CDC still wants indoor masking in high-risk areas. That includes much of Central and North Florida
A major shift in CDC policy announced Friday freed much of the country from wearing masks indoors, but not in parts of the state still considered high risk.
A major shift in federal COVID-19 policy announced Friday freed much of the country of wearing masks indoors. But not most of Northeast Florida or the state's Gulf Coast.
The Centers for Disease Control and Prevention said people don't need masks if transmission of the coronavirus is controlled and hospitals are not strained.
Areas ranked at low or medium risk are free to forgo their masks indoors. Masks are still recommended indoors for people in areas rated high risk.
Click here to check your community's level.
According to the CDC's community level website, updated Friday, North Florida counties Duval, St. Johns, Clay, Nassau and Baker are rated as high risk. Putnam and Flagler counties are listed as medium.
In the Tampa Bay area, Hillsborough, Pinellas, Pasco, Hernando, Citrus, Manatee and Sarasota remain high risk.
In Central Florida, the level remains high in Orange, Osceola, Polk, Lake, Sumter and Marion. Volusia, Seminole and Brevard are at the medium level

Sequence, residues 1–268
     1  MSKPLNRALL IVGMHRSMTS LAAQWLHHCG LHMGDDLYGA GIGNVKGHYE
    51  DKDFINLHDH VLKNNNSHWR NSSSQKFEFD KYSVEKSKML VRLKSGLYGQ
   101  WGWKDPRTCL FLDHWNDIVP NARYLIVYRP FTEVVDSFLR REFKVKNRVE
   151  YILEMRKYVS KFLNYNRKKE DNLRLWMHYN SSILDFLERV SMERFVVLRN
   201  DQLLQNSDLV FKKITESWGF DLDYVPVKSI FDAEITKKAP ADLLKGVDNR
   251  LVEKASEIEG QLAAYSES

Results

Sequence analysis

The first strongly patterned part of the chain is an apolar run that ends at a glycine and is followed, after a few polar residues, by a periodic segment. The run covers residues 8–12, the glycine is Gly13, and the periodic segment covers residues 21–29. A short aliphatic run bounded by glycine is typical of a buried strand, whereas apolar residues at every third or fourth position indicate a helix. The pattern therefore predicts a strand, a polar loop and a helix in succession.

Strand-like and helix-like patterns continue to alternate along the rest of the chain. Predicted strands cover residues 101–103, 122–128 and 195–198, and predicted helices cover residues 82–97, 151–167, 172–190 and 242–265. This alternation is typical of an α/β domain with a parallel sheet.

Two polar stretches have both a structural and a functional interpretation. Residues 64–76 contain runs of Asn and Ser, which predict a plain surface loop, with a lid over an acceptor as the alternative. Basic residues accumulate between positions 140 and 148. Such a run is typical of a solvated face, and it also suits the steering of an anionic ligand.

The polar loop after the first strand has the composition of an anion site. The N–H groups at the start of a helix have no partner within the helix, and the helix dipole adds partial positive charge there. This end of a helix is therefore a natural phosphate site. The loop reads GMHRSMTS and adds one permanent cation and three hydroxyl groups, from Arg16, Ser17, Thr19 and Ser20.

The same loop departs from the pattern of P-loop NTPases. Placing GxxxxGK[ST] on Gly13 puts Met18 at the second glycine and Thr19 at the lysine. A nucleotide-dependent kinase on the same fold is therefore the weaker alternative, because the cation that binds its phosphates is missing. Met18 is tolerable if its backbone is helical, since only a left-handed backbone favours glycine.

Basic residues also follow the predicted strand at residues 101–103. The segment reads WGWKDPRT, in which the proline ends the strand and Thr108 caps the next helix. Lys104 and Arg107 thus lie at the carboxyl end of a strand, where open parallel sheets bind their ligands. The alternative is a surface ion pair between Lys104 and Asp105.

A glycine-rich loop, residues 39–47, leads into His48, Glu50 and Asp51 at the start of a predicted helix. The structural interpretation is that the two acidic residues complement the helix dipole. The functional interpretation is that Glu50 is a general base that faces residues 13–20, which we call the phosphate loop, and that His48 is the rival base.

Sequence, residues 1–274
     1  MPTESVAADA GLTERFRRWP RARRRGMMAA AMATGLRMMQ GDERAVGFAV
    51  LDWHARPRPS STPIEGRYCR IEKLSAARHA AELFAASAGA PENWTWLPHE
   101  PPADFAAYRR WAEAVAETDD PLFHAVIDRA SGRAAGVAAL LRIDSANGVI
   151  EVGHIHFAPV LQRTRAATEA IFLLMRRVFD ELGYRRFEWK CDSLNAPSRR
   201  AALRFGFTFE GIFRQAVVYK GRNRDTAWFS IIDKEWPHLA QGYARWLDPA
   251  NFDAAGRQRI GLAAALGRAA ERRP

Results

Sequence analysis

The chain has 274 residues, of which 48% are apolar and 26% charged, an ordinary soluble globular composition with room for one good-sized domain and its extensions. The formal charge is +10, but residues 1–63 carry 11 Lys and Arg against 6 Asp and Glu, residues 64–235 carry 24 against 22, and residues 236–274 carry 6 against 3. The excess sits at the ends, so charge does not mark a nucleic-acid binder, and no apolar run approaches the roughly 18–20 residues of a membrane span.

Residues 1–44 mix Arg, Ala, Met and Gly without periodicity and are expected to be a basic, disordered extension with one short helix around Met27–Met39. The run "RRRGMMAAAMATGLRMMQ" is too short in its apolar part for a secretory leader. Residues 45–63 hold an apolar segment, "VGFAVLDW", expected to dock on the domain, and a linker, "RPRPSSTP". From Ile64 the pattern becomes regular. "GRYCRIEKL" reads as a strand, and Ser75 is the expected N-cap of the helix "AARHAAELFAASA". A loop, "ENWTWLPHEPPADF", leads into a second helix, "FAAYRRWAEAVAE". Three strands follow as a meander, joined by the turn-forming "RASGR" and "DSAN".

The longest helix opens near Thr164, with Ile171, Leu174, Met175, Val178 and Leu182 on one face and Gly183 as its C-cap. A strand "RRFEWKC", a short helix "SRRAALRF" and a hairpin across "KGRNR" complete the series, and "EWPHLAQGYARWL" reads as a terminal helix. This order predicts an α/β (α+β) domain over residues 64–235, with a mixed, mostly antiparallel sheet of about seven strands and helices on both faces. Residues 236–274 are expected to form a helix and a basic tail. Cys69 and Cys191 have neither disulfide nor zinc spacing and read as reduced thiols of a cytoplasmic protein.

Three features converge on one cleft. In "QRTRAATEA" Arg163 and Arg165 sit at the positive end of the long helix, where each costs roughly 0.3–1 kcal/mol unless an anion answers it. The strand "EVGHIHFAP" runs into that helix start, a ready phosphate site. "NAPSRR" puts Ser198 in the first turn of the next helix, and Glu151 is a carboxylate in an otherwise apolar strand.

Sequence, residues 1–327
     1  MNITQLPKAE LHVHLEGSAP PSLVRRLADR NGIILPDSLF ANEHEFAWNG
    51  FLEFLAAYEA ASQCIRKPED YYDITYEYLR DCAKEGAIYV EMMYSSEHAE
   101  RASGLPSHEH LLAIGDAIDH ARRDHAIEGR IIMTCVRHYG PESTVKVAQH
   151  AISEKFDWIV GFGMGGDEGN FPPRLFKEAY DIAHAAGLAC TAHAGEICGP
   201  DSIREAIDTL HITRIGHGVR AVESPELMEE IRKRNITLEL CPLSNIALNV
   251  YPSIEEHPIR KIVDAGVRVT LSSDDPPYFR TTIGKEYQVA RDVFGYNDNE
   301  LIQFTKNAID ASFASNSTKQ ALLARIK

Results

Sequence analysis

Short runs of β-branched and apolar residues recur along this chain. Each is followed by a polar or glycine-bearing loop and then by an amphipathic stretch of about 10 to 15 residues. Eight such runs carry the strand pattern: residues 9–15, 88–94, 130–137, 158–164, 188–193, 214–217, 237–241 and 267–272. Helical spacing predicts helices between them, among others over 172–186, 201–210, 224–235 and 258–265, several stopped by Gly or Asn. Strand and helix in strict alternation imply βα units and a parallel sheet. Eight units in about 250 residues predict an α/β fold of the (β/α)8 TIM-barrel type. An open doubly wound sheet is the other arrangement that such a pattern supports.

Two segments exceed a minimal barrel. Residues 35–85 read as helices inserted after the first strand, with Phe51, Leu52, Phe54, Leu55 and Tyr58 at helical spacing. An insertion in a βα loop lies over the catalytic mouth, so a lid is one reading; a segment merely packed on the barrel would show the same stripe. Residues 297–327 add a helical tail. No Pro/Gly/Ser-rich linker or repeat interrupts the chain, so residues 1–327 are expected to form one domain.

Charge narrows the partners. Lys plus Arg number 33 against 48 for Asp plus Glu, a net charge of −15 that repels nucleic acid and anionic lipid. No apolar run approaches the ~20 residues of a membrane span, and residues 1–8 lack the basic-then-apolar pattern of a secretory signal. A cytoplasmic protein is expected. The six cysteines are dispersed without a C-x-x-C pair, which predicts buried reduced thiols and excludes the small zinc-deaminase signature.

The majority of East Coast and South Florida is rated medium risk.
Under the new guidance, nearly 70% of the U.S. population lives in areas considered to be low or medium risk, the CDC said. About 38% of U.S. counties are in the new high-risk category, where mask wearing is recommended, but they account for only 28% of the population.
One reason for the high risk in Northeast Florida could be the reluctance of people to get vaccinated. Duval, for example, has long lagged the rest of the state in percentage of people vaccinated.
The move to ease masking guidance nationally, federal officials say, reflects current conditions at this phase of the pandemic, including widespread immunity through vaccination and prior infection as well as better access to testing and treatments.
Health officials emphasized that people should still wear masks if they wish or if they are personally at high risk. And regardless of local conditions, they should mask if they have COVID-19 symptoms, a positive test or have been exposed to someone with COVID-19.
Information from NPR writers Pien Huang and Carmel Wroth was used in this report.
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